Venus Flytrap Care Tips

Venus flytraps are notoriously hard to care for. However, their reputation for being challenging to grow is somewhat unwarranted. There are only a few, but quite strict, rules to follow for basic care of a Venus flytrap.

Follow these basic Venus flytrap care techniques and you will have beautiful plants for many years!

Venus flytraps
Healthy and Happy Venus flytraps

There are really only four things Venus flytrap plants require to stay healthy:

  1. Sunlight: At least four hours of direct sunlight a day (i.e. full sun)
  2. Water: rain, distilled, or reverse osmosis water only
  3. Soil: Nutrient poor soil such as peat moss or sphagnum moss and a pot with good drainage
  4. Dormancy: A yearly dormancy period in the winter months
Adolescent Venus flytraps under artificial lighting
Adolescent Venus flytraps under artificial lighting

Light for Venus flytraps

Venus flytraps require a lot of light. They should receive at least 4 hours of direct sunlight a day with 6 to 8 hours being ideal. It is best to grow your Venus flytrap plant outside where it can get plenty of sun and catch its own food.

It isn’t necessary to feed a Venus flytrap anything other than sunlight and water. If you do choose to feed it, feed it only insects and at most only a few insects a month. Feeding a Venus flytrap, or growing it somewhere that it can catch its own food, can help it grow much more quickly.

Venus Flytrap Watering
A Venus flytrap being watered

Water for Venus flytraps

Venus flytraps need clean water. Most tap water will not be suitable for watering them due to the high mineral content. It is best to use distilled water, rainwater, or reverse osmosis water.

Venus flytraps need water with a TDS (total dissolved solids) measurement of 50 ppm (parts per million) or less. In order to get this, you will probably need to use distilled water or reverse osmosis water or rainwater.

If desired, you can use a TDS meter to test your tap water and see if it is usable. Growers often use water with a TDS measurement between 50 ppm and 100 ppm. However, this requires regular flushing and repotting to prevent mineral buildup in the soil.

Their soil should be kept damp at all times. They prefer to have soil that is not soaking wet all the time. However, the soil must never be allowed to dry out. Allow the soil to dry to the point where it is just damp then thoroughly water the plant until the soil is completely soaked. Then allow the soil to dry to the point of being barely damp again before repeating the process.

Many growers set the Venus flytrap’s pot in a tray of water for 30 to 45 minutes and allow the soil to soak up as much water as it can hold. Alternatively, they do enjoy being watered from the top. Pouring water over the top of the pot and allowing it to soak into the soil will carry some nitrogen down into the soil and aerate the roots.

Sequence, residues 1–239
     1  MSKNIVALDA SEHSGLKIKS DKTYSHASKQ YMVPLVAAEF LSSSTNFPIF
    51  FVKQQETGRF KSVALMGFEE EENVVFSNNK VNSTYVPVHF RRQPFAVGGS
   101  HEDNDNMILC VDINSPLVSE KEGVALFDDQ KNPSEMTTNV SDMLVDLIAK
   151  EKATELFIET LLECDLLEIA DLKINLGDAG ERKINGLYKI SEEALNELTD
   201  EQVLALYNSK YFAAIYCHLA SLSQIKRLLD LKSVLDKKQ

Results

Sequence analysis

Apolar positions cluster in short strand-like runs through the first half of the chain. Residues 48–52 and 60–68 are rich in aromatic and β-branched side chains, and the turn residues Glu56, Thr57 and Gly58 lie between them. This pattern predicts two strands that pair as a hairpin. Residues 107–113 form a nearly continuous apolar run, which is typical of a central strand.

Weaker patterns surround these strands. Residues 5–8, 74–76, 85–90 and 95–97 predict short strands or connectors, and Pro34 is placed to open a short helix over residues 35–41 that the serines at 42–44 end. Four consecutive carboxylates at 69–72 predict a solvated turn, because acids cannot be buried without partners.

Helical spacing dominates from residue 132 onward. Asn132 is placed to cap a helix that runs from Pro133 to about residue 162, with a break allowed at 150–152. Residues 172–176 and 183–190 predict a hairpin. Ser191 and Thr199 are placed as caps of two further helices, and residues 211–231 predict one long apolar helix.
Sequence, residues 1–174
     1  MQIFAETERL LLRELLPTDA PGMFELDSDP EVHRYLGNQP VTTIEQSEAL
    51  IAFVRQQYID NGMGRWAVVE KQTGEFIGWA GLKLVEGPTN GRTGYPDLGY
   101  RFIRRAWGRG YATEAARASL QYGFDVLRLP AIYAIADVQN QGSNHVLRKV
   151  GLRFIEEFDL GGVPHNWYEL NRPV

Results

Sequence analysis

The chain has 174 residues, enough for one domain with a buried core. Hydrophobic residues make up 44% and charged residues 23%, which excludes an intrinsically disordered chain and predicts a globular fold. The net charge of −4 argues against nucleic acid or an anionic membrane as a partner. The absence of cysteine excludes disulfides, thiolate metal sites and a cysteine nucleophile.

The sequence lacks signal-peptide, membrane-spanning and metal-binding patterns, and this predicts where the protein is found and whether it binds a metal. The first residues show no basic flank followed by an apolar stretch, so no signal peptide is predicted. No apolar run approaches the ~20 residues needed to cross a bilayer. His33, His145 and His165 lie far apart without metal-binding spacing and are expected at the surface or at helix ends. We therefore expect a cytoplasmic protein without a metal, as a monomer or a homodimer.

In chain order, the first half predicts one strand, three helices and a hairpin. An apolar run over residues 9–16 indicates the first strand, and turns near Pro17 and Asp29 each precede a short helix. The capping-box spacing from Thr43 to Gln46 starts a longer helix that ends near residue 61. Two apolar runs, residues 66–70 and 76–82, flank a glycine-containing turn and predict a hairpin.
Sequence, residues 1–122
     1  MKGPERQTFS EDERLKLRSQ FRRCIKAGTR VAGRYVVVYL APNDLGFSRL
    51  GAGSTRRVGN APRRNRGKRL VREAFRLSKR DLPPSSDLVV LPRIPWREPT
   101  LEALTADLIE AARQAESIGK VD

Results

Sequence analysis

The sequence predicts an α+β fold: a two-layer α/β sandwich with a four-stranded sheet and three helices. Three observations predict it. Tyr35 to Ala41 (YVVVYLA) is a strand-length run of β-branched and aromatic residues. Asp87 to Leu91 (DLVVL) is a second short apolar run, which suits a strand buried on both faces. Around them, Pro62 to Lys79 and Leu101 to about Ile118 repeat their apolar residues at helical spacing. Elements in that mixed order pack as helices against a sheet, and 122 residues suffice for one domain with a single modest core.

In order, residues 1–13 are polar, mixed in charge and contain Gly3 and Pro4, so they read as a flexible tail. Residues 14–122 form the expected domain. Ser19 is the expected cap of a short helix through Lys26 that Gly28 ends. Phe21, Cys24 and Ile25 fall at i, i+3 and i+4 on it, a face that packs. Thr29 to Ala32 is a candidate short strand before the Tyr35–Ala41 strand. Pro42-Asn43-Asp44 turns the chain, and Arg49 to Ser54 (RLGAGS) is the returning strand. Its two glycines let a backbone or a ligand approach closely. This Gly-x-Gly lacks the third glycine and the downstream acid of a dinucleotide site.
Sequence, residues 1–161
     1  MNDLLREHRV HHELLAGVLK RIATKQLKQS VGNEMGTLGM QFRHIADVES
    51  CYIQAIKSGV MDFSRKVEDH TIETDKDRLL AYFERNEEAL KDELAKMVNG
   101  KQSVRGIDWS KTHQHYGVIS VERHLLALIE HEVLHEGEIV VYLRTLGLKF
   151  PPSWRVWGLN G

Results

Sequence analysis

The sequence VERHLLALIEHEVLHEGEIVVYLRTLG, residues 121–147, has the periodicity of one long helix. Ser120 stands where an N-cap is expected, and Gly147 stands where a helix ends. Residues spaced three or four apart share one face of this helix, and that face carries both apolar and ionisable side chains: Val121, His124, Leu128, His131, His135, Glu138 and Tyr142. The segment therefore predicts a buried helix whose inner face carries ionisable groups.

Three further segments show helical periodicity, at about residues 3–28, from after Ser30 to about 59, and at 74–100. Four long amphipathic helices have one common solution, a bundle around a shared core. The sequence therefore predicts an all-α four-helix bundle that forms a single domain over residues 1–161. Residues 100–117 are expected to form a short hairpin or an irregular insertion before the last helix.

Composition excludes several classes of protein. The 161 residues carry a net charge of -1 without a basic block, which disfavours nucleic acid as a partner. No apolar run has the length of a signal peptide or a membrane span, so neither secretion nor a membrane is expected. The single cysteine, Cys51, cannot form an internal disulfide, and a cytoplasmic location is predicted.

Either way, when watering a Venus flytrap, ensure that the soil is thoroughly and evenly soaked all the way through. Then allow the soil to dry to the point where it is barely damp before watering again.

Venus Flytrap Soil
Venus flytrap Soil

Soil for Venus flytraps

If your Venus flytrap needs to be repotted, for Venus flytrap soil you should use a combination of peat moss and perlite. Many growers use a 50:50 mix of peat moss and perlite or peat moss and horticultural grade silica sand. Pure peat moss works well also.

We’ve been growing Venus flytraps for over a decade now and have used many different soil types. As of the last few years, we’ve preferred growing in New Zealand long-fiber sphagnum moss. The flytraps grow more quickly and have few health issues when grown in New Zealand long-fiber sphagnum moss as long as they are repotted annually in the spring.

Venus flytraps aren’t terribly picky about the soil or soil mixture they grow in as long as it is some form of long-fiber sphagnum or sphagnum peat moss which ensures that the media is nutrient-poor. Using perlite helps keep their soil aerated which allows for healthy root growth that leads to larger, more robust plants.

Avoid using vermiculite because it often contains minerals that will slowly poison Venus flytraps.  Unglazed clay pots shouldn’t be used for pots because the minerals in the clay can seep into the soil and eventually cause harm to a Venus flytrap. For this reason, it’s best to use plastic pots.

We prefer pots that are at least four inches deep because they provide enough room to accommodate the roots well. The deeper the better!

Dormancy for Venus flytraps

When summer is over and fall has started, it is time to think about providing dormancy for your Venus flytrap. Without a dormancy period, your plant’s health will start to decline and it will eventually die.

Venus flytraps go dormant naturally when given natural sunlight and seasonal changes. You can read more about your options for providing dormancy on the Venus flytrap Dormancy page or in the Venus flytrap Dormancy FAQ section.

For more extremely detailed information about how to best take care of your Venus flytraps, be sure to see our Comprehensive Detailed Venus flytrap Care Information article.

Venus flytraps Exiting Dormancy
Venus flytraps Exiting Dormancy

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